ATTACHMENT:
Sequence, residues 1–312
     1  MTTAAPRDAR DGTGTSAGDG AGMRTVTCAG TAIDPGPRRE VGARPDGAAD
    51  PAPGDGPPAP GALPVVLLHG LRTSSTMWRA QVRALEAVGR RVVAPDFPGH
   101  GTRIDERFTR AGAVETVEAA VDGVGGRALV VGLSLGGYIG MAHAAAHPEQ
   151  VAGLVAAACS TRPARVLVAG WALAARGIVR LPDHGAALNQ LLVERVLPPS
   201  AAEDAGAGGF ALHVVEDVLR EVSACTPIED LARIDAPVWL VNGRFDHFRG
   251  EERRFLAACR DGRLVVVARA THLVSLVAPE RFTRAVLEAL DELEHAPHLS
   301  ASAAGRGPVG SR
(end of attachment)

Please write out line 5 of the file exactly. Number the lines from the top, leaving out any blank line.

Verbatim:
   151  VAGLVAAACS TRPARVLVAG WALAARGIVR LPDHGAALNQ LLVERVLPPS